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Dioscorea balcanica BotGardBln310505.jpg
Dioscorea balcanica
Scientific classification e
Kingdom: Plantae
Clade: Tracheophytes
Clade: Angiosperms
Clade: Monocots
Order: Dioscoreales
Family: Dioscoreaceae
Genus: Dioscorea
  • Enantiophyllum
  • Tamus L.
  • Ricophora Mill.
  • Tamnus Mill.
  • Oncus Lour.
  • Ubium J.F.Gmel.
  • Oncorhiza Pers.
  • Testudinaria Salisb. ex Burch.
  • Rhizemys Raf.
  • Botryosicyos Hochst.
  • Helmia Kunth
  • Sismondaea Delponte
  • Epipetrum Phil.
  • Borderea Miégev.
  • Elephantodon Salisb.
  • Hamatris Salisb.
  • Merione Salisb.
  • Polynome Salisb.
  • Strophis Salisb.
  • Higinbothamia Uline
  • Nanarepenta Matuda
  • Hyperocarpa (Uline) G.M.Barroso, E.F.Guim. & Sucre

Dioscorea is a genus of over 600 species of flowering plants in the family Dioscoreaceae, native throughout the tropical and warm temperate regions of the world. The vast majority of the species are tropical, with only a few species extending into temperate climates.[1][2][3][4] It is named by the monk Charles Plumier after the ancient Greek physician and botanist Dioscorides.


They are tuberous herbaceous perennial lianas, growing to 2–12 metres (6.6–39.4 ft) or more tall. The leaves are spirally arranged, mostly broad heart-shaped. The flowers are individually inconspicuous, greenish-yellow, with six petals; they are mostly dioecious, with separate male and female plants, though a few species are monoecious, with male and female flowers on the same plant. The fruit is a capsule in most species, a soft berry in a few species.[5][6]

Cultivation and uses[edit]

Several species, known as yams, are important agricultural crops in tropical regions, grown for their large tubers. Many of these are toxic when fresh, but can be detoxified and eaten, and are particularly important in parts of Africa, Asia, and Oceania (see yam article).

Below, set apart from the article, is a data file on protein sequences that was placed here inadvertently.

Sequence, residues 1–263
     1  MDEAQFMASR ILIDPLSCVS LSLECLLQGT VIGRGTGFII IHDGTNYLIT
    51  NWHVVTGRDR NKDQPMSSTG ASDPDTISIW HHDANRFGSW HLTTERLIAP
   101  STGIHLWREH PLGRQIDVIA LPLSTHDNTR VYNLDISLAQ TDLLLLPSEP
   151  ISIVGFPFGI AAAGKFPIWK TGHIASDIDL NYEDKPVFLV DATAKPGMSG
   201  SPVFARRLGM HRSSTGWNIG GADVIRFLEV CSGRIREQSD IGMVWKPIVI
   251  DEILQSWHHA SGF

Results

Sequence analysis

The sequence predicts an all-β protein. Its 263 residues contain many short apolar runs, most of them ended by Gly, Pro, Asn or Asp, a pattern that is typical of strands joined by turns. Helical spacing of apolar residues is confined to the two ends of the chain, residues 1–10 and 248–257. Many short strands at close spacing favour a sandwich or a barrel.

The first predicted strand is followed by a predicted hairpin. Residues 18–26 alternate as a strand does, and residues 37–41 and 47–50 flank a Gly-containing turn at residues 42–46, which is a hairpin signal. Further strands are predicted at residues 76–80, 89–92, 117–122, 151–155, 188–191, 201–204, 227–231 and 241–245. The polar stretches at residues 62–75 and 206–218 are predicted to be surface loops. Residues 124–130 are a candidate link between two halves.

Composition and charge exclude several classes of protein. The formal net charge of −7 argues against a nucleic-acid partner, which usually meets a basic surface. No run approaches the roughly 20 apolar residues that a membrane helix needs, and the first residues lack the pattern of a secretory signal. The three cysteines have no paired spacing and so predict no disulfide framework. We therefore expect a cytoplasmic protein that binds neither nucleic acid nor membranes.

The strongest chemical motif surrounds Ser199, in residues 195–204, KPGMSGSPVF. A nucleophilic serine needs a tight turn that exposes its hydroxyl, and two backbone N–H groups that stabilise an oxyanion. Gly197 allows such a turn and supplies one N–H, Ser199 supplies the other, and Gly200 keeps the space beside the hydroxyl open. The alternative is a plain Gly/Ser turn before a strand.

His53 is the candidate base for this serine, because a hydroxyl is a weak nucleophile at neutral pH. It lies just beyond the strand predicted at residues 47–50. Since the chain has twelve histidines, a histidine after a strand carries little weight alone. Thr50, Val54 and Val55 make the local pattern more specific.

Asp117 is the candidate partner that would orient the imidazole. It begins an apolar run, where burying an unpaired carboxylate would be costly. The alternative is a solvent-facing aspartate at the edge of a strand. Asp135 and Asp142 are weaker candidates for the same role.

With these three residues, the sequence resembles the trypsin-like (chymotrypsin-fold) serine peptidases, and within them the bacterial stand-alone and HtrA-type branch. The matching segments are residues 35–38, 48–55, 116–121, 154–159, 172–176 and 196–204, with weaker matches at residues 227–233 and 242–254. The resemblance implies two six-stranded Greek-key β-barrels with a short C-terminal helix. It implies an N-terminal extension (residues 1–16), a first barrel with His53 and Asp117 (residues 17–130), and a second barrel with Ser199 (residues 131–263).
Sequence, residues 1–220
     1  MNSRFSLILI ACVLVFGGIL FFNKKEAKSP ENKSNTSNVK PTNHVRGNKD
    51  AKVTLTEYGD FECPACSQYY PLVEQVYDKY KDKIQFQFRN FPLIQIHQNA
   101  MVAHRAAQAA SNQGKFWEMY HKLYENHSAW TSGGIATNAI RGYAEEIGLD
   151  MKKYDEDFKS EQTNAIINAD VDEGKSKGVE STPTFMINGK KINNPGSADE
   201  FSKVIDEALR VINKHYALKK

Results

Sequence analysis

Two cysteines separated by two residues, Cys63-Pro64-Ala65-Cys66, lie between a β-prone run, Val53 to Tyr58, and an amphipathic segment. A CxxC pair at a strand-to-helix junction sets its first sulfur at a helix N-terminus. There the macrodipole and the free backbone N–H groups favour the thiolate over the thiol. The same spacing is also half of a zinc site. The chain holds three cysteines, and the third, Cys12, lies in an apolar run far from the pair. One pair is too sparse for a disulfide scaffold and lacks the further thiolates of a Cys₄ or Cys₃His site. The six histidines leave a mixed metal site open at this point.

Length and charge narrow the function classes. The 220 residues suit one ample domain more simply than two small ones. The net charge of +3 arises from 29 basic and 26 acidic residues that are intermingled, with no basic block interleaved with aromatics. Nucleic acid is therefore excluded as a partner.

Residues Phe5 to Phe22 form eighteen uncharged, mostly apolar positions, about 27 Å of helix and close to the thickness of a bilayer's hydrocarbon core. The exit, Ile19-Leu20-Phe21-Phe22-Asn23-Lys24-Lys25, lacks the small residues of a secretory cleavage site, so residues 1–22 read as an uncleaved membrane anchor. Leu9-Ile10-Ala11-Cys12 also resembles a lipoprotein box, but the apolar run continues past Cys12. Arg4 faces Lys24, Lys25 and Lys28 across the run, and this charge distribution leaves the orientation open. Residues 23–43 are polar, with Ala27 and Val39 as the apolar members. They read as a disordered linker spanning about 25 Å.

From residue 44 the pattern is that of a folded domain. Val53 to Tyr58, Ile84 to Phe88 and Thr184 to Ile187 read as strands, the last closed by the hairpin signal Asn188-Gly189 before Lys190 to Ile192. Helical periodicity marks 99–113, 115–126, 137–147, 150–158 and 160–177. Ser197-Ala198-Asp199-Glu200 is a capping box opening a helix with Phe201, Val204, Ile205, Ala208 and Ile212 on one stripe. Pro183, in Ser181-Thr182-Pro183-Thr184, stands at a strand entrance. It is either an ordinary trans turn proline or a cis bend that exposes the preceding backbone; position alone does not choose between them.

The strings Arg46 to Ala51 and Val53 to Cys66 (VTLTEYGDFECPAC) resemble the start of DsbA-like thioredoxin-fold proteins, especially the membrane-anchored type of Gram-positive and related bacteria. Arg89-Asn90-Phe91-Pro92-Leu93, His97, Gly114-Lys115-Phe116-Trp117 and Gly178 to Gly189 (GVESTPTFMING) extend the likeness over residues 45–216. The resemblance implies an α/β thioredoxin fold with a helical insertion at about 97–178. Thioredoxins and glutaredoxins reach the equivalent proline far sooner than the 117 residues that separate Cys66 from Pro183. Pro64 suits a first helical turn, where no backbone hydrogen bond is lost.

One class of toxins found in many species is steroidal saponins, which can be converted through a series of chemical reactions into steroid hormones for use in medicine and as contraceptives.

The 1889 book 'The Useful Native Plants of Australia records that Dioscorea hastifolia is "One of the hardiest of the yams. The tubers are largely consumed by the local aborigines for food. (Mueller)."[7]

Accepted species (613), subspecies, and varieties[edit]

The genus includes the following species and subspecies:[citation needed]

The closely related genus Tamus is included in Dioscorea by some sources,[9] but is maintained as distinct by others.[10] For Dioscorea communis (L.) Caddick & Wilkin, see Tamus communis.

See also[edit]


  1. ^ a b "World Checklist of Selected Plant Families: Royal Botanic Gardens, Kew". apps.kew.org. Retrieved 2017-01-23.
  2. ^ Govaerts, R., Wilkin, P. & Saunders, R.M.K. (2007). World Checklist of Dioscoreales. Yams and their allies: 1-65. The Board of Trustees of the Royal Botanic Gardens, Kew.
  3. ^ Wilkin, P. & Thapyai, C. (2009). Flora of Thailand 10(1): 1-140. The Forest Herbarium, National Park, Wildlife and Plant Conservation Department, Bangkok.
  4. ^ "Dioscorea communis [Tamaro]". luirig.altervista.org (in Italian). Retrieved 2017-01-23.
  5. ^ "Dioscorea in Flora of North America @ efloras.org". www.efloras.org. Retrieved 2017-01-23.
  6. ^ "Dioscorea in Flora of China @ efloras.org". www.efloras.org. Retrieved 2017-01-23.
  7. ^ J. H. Maiden (1889). The useful native plants of Australia : Including Tasmania. Turner and Henderson, Sydney.
  8. ^ Wilkin, Paul; Annette Hladik; Odile Weber; Claude Marcel Hladik; Vololoniana Jeannoda (September 2009). "Dioscorea orangeana (Dioscoreaceae), a new and threatened species of edible yam from northern Madagascar" (PDF). Kew Bulletin. 64 (3): 461–468. doi:10.1007/s12225-009-9126-2. ISSN 1874-933X. S2CID 43183514.
  9. ^ World Checklist of Selected Plant Families, The Board of Trustees of the Royal Botanic Gardens, Kew, retrieved 2011-05-28, search for "Tamus"
  10. ^ Stace, Clive (2010), New Flora of the British Isles (3rd ed.), Cambridge, UK: Cambridge University Press, ISBN 978-0-521-70772-5, p. 854